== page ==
Hunting George Bain’s Rugs and Carpets
It never ceases to amaze me how many of our visitors turn out to possess one of George Bain’s ‘Hunting’ or ‘Hebridean’ rugs or carpets. I can see why these two exhuberantly patterned, bright designs remain popular. However, we know that Bain made more designs for rugs and carpets. Groam House Museum volunteer Alastair Morton has been trying to track them down.
In the George Bain Collection there are quite a number of objects that relate to Bain’s work of creating Celtic designs for rugs and carpets.
Following the 1939-45 war Bain was approached by the Kidderminster carpet firm of Quayle and Tranter to produce some Celtic designs for rugs. In 1949 he agreed to become a special adviser and consultant on Celtic design. It suited Bain to also give the company the right to use the “guarantee” mark of his College of Celtic Cultures. It was used with every design that was commercially produced.
As a Groam House volunteer I have embarked on an informal project to expand as far as possible the museum’s knowledge and understanding of Bain’s work in this area. A good starting point seemed to be trying to achieve a complete inventory of all the designs he supplied and confirmation of which designs were commercially produced as rugs or carpets. Whilst the museum already possesses several examples of actual rugs, it would be good to know of which other designs it should be seeking examples to acquire in the future.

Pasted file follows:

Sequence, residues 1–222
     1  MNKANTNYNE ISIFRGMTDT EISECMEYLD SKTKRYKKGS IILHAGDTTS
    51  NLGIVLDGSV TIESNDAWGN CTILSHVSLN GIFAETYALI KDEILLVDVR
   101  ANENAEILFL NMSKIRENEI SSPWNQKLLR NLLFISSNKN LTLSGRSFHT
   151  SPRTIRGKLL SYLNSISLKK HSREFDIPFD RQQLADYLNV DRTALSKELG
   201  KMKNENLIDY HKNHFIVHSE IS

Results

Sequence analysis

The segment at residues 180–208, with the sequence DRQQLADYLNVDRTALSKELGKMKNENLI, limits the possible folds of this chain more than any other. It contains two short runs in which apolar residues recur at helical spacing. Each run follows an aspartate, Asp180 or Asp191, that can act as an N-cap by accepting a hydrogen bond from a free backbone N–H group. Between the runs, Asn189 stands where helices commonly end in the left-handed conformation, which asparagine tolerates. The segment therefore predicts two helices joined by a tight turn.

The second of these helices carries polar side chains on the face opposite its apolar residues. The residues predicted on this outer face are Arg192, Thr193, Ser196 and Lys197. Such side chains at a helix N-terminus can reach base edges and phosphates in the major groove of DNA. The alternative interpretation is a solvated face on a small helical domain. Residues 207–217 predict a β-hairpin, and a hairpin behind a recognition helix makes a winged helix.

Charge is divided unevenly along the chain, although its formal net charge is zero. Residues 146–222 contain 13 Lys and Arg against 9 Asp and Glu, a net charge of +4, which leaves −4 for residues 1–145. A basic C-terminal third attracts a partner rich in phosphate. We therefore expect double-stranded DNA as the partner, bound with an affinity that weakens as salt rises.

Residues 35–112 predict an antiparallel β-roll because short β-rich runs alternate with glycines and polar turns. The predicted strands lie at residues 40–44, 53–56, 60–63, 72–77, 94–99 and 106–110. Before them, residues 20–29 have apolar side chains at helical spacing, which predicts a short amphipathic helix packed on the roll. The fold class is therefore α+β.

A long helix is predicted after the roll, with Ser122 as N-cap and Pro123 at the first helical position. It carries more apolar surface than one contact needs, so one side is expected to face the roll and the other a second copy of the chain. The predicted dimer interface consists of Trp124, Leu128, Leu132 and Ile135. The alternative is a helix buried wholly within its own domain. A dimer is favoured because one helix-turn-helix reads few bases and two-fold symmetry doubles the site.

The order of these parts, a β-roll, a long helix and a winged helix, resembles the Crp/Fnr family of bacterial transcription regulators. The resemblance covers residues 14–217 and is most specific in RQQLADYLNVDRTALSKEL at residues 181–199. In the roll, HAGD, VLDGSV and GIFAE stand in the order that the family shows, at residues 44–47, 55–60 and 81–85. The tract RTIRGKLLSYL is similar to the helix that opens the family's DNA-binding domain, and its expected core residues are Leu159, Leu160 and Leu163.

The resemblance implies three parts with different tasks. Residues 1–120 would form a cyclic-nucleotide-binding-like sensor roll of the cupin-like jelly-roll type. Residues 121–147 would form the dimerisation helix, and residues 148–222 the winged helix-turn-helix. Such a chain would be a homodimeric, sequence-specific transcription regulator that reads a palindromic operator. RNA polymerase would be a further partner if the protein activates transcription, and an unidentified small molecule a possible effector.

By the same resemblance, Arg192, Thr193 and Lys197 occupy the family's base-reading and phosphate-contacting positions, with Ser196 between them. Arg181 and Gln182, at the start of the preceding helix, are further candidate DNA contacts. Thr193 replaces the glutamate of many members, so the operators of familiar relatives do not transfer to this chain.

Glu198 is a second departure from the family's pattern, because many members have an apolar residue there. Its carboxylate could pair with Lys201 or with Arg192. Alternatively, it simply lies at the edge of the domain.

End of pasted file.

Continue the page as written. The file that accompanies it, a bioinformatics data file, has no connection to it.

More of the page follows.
Amongst the relevant objects in the collection are three handwritten lists by Bain of the various designs he supplied to the company. For the most part they concur but not completely. My work to date has been to take the list which seems most comprehensive and try to identify images of the designs described. This process has been made easier and more successful by the fact that the museum has photographs, taken by former curator Susan Seright, of items in the possession of Mr Cedric Quayle, the son of Stephen Quayle who dealt with George Bain in the 1950s.
So far, out of 22 different designs or design groups listed by Bain, 15 have been able to be associated with images, either definitively or with a good degree of probability – like those pictured below. The remainder may yet be identified either through further work on the collection or through further discussions with Mr Quayle. Already we are a lot further forward than we were !
A good example of the discoveries to be made during the project is the design which Bain describes as “Knotwork repeat with Ulbster stone etc. “ supplied on 22nd March 1948. While scanning drawings in the Collection for a digitisation project I recognised one as fitting the description. This drawing had not previously been associated with Bain’s rug designs but the annotations “No 14” and “Suggested title “Ulbster” ” now made more sense.